Did Jeremiah leave the Ark on Mount Nebo? If he did, his contemporaries who followed him there couldn’t find it at that location according to 2nd Maccabees. However his visit to this area before leaving for Egypt may suggest that he was deliberately reversing the pathway of the Exodus. If this were the case, it would be easy to see why this plan places him back in Egypt at Migdol, an area passed on the early stages of leaving Pharaoh’s rule some seven centuries earlier.
Mount Nebo has been searched for the Ark in modern times. An American named Tom Crotser announced the discovery of the Ark under Mount Pisgah, the highest peak in the Mount Nebo range in Jordan on October 31, 1981. What Crotser and his associates allege to have found on Nebo was a 600-foot tunnel with a room at the end measuring 10 feet by 12 feet. There he said he saw an object covered with a blue cloth with another wrapped object to its side. He goes on to say he removed the cover and took pictures of a golden-hued metal box that measured 62 inches long, 37 inches wide and 37 inches deep. Although there is dispute about the size of a cubit, these proportions at least match the Ark’s description as being two and a half cubits long by one and a half wide by one and a half deep.
Pictures were taken by Crotser. The Biblical Archeological Society asked renowned archeologist Seigfried Horn to investigate. His conclusions were published on page 69 in the May/June 1983 issue of Biblical Archeology Review. There he revealed that the object was a modern fabrication that “appeared to bear the markings of a machine-tooled design.” He also is mentioned on page 20 of Ark of the Covenant by Jonathan Gray. In that text the description given by Horn is of a “nail with a modem style of head protruding from the upper right hand comer of the box, with decorative strips obviously machine produced, i.e. not the genuine article.” Further, the initial description of the object by Crotser’s associate, Tim Bollinger, as given to the Dallas Morning News, was that its size was five feet long (60 inches), four feet high (48 inches) and four feet wide (48 inches again). Those measurements do not match the proportions outlined in Exodus 25:10 and 37:1.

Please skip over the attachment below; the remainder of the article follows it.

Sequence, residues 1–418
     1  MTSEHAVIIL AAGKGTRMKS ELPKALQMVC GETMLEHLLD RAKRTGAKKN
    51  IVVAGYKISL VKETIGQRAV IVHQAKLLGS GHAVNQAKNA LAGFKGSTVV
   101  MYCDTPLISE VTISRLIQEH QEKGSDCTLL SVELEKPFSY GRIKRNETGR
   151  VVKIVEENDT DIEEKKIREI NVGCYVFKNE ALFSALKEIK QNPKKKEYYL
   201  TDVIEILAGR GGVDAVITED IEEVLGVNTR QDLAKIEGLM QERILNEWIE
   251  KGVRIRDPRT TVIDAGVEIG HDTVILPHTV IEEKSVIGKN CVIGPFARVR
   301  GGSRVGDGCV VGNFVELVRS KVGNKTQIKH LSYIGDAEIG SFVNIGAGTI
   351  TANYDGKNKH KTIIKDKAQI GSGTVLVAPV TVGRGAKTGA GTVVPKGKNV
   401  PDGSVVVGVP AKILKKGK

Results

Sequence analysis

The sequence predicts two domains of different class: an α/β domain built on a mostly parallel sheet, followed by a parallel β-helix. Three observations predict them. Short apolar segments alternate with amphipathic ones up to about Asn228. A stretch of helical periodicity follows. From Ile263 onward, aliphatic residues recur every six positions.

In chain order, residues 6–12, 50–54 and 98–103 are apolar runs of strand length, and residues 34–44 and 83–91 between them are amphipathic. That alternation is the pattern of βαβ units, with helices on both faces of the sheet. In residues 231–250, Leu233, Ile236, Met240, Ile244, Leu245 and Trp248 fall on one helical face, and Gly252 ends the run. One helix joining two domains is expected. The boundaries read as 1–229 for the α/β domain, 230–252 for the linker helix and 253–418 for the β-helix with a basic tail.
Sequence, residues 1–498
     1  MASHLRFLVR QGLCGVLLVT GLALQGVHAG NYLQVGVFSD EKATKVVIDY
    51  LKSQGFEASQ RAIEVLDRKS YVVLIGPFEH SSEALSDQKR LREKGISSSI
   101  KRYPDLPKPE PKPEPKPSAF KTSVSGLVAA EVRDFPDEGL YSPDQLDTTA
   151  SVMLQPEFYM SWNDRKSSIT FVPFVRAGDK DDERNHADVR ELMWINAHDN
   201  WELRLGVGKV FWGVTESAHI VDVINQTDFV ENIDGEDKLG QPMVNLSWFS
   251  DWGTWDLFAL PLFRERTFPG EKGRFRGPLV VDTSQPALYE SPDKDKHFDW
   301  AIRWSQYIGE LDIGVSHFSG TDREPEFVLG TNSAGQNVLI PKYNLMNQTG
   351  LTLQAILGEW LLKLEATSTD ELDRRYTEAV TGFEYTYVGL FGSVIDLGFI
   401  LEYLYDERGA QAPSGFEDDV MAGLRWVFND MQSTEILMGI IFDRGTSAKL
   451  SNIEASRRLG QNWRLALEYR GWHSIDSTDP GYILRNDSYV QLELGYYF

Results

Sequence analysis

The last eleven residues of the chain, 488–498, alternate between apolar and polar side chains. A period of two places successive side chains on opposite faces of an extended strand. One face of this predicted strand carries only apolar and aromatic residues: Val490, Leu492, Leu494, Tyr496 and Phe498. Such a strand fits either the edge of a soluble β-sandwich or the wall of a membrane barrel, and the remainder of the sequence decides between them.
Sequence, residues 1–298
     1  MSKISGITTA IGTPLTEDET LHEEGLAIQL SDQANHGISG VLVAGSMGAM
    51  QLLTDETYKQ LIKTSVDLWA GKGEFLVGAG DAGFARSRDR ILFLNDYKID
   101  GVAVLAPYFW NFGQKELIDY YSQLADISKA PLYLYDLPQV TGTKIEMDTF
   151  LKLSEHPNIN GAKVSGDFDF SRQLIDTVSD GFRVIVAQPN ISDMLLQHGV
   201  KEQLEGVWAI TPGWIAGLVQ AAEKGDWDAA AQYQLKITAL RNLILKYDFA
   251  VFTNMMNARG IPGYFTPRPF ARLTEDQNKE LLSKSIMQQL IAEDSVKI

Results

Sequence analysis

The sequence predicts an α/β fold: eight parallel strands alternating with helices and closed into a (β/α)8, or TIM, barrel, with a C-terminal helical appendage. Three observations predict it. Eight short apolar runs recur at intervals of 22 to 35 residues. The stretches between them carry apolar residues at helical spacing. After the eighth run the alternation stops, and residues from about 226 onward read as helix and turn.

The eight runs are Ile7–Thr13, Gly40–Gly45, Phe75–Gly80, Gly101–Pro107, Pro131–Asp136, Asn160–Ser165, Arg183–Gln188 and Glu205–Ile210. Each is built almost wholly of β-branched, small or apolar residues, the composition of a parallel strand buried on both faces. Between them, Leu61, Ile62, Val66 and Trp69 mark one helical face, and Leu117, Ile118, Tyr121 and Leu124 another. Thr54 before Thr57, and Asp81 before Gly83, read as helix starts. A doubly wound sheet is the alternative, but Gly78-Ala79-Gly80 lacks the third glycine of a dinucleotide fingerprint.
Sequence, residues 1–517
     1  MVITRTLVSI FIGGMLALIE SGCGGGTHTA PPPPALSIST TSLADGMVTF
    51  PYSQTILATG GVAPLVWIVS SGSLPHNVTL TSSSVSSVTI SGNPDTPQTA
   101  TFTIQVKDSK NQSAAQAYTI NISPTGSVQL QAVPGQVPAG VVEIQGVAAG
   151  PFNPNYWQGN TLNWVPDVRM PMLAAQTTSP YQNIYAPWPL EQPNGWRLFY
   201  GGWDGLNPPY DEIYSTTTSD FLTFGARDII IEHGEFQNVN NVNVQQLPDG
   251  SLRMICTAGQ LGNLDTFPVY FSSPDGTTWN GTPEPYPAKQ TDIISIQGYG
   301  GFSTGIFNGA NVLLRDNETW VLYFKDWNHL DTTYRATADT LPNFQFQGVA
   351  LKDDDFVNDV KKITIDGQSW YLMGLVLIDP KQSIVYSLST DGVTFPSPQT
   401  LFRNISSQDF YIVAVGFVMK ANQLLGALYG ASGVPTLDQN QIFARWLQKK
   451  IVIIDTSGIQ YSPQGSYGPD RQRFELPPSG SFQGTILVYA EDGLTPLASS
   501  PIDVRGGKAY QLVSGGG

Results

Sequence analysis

Crotser had also described a cave entrance that was covered by a tin sheet, with the last 300 feet of tunnel lined on its sides with ancient tombs that resembled catacombs. Randall Price (In Search of Temple Treasures, p. 128) identified this site with the burial cave for the monks of the Church of the Franciscan Fathers of Terra Santa. Crotser claimed the monks are deliberately hiding the Ark. When pressed on the issue, Crotser told Dr. Shorrosh in an interview for The Wichita Eagle-Beacon that, “the mercy seat had probably been taken by Jeremiah to Ireland along wst1:city> was destroyed.”
The bizarre Irish claim is plainly refuted by the Bible’s account of Jeremiah journeying to Egypt. Indeed, Ireland was nowhere on Jeremiah’s radar screen, as it isn’t even mentioned once in the entire Bible (even if we include the New Testament). Nor does Ireland even appear to be on anyone else’s radar screen then, as it wasn’t even cited in any literature until around 500 BCE when the Celts came on scene. Funks and Wagnalls New Encyclopedia indicates that Ireland was mentioned under the name of Ierne in a Greek poem in the 5th Century BCE, but that little was known of its inhabitants until the 4th century CE. So why would Jeremiah - with his great desire to serve God and the Jewish people - run to such a place where there was a Jewish population of zero?
The mercy seat is generally rendered as the cover of the Ark in Jewish translations. The last thing that I can imagine Jeremiah doing would be to remove the Ark’s cover and abscond with it while leaving the Ark behind. Such behavior might be expected of a thief who could not lift the entire heavy golden Ark himself. Nowhere, however, does Jeremiah appear to be a man of such character. In short, this idea is truly way out of line.
Crotser promised to release photographs to a London banker, David Rothschild, who he thinks is the direct descendant of Jesus (Price, 129). Rothschild declined to take delivery of the pictures. Price quotes Adnan Hadidi, director of the Jordanian Department of Antiquities as saying, “The whole story, as far as we are concerned, is nonsense. This is an irresponsible group.” What was the motive here? As the group’s stories of the Ark’s size are not consistent, it seems likely the true motive was to gain access to funds they thought might be derived from David Rothschild (i.e., a scam that Rothschild didn’t fall for).